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Technology can harm, aid socialization through dependency for communication

Freshman Natasha Roth cannot go long without checking her iPhone.

It’s her alarm clock in the morning, her way of talking to friends before class, her source of music at the Rec and her news provider at night through Facebook, Instagram and Twitter.

“It’s just a habit,” Roth said, who checked her phone during an interview with The BG News. “I’ll pull my phone out while talking and my dad’s like ‘You’re always on your phone.’”

Though she considers herself a social person, Roth said her phone use may keep her from socializing more in college, especially in her classes.

“If I don’t know anyone, I’ll just sit on my phone and check Twitter or text friends,” she said. “It’s people’s escape now; like they don’t have to meet new people, they just do it through [their phones].”

If people used their phones less, Roth said there would be a lot more socializing.

However, this seemingly antisocial behavior isn’t something the Millennial generation picked up on its own. People have been absorbed in technology since the 1950’s.

Alberto Gonzalez, a professor in the department of communication, remembers when he got his first transistor radio as a kid and he and his brother would stay up to listen to Detroit Tigers games.

“We have a fascination with technology and the ability to connect to different parts of the world,” said Gonzalez, chair of the Department of Communication at the University. “It’s wired into us socially.”

The mobility of the transistor radio evolved into the Walkman, to the CD player, to the smartphones available today.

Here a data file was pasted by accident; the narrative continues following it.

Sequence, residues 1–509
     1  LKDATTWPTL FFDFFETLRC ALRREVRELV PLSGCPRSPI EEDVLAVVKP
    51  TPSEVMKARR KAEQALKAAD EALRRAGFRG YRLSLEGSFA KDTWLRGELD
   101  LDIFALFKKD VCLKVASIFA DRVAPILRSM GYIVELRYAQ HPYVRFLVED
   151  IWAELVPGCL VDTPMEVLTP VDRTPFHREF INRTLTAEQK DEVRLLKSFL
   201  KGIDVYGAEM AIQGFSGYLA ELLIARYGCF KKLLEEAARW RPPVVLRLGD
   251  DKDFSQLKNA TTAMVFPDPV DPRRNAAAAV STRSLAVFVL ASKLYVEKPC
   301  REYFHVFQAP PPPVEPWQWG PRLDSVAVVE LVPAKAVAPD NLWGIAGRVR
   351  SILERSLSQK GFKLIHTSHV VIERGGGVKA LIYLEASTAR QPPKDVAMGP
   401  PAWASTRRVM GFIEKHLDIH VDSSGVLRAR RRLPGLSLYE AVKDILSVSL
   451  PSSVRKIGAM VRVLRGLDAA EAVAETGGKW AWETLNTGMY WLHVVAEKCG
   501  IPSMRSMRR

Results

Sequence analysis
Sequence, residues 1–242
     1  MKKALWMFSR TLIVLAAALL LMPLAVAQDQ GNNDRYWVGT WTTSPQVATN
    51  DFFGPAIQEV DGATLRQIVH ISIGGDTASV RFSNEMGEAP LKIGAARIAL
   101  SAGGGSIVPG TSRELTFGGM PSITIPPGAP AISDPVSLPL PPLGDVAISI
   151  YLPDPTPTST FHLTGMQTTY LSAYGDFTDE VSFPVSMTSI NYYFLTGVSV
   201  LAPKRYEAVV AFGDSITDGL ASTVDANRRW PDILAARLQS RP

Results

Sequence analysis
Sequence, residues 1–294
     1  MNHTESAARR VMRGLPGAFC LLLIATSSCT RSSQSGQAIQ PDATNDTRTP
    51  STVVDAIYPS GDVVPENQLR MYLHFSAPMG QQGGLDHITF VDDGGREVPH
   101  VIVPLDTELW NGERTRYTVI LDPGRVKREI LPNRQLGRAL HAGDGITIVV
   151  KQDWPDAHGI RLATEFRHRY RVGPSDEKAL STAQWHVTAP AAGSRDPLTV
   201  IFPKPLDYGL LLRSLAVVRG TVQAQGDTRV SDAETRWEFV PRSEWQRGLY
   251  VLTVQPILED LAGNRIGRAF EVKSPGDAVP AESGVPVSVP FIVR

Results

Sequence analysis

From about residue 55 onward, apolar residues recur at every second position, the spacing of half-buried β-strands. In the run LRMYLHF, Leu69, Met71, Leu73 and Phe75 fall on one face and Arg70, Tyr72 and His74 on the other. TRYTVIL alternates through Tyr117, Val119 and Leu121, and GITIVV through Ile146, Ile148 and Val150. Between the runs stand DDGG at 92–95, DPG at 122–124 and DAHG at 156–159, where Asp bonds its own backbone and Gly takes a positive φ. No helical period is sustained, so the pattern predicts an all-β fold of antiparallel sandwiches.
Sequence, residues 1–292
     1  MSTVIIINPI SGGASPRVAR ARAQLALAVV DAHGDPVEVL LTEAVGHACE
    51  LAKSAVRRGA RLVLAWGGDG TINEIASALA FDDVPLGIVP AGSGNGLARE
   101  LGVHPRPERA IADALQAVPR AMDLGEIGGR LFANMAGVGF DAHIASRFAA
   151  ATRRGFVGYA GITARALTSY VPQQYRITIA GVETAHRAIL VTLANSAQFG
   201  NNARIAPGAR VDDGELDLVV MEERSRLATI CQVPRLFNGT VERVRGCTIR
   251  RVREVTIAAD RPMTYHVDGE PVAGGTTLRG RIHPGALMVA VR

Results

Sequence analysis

Gonzalez describes his family as “heavy users” of social media “and our Verizon bill reflects that every month. We go though as much data as a small business; we love it.”

His family’s and others’ use of social media is based on the same values of his old transistors radio, Gonzalez said.

“It’s having access to people,” he said. “Now we can talk to friends whenever we want.”

However, when Roth’s phone broke a few months ago, she felt temporarily disconnected.

“It was really weird because when I’m not doing anything I check Twitter, but I didn’t have anything to do so I was bored,” Roth said. “It was really annoying, but most of my friends live on my floor.”

Though Roth said her smartphone use threatens socialization because “we’re so dependent on it,” Gonzalez said the two could complement each other.

“I think we’re always going to value interpersonal communication for its satisfaction,” he said. “It may be that social media can help us expand that satisfaction.”

Social media’s simplicity has also led to its popularity, said Lara Lengel, communication professor at the University who specializes in technology.

“It’s a lot more easy and fun to engage in online communication than it was 10 years ago,” Lengel said.

However, Lengel said the line between interpersonal communication and online communication is becoming blurred.

“People aren’t thinking about the ramifications of their behavior [online],” Lengel said, noting racist and sexist comments made on social media sites.

People assume that those 140 characters “just go away, but they stay in existence and can be incredibly harmful to others,” Lengel said.

Finding a balance of when to use social media, can help people discipline themselves, Gonzalez said

Roth’s advice is to “just put it down every once in a while.”

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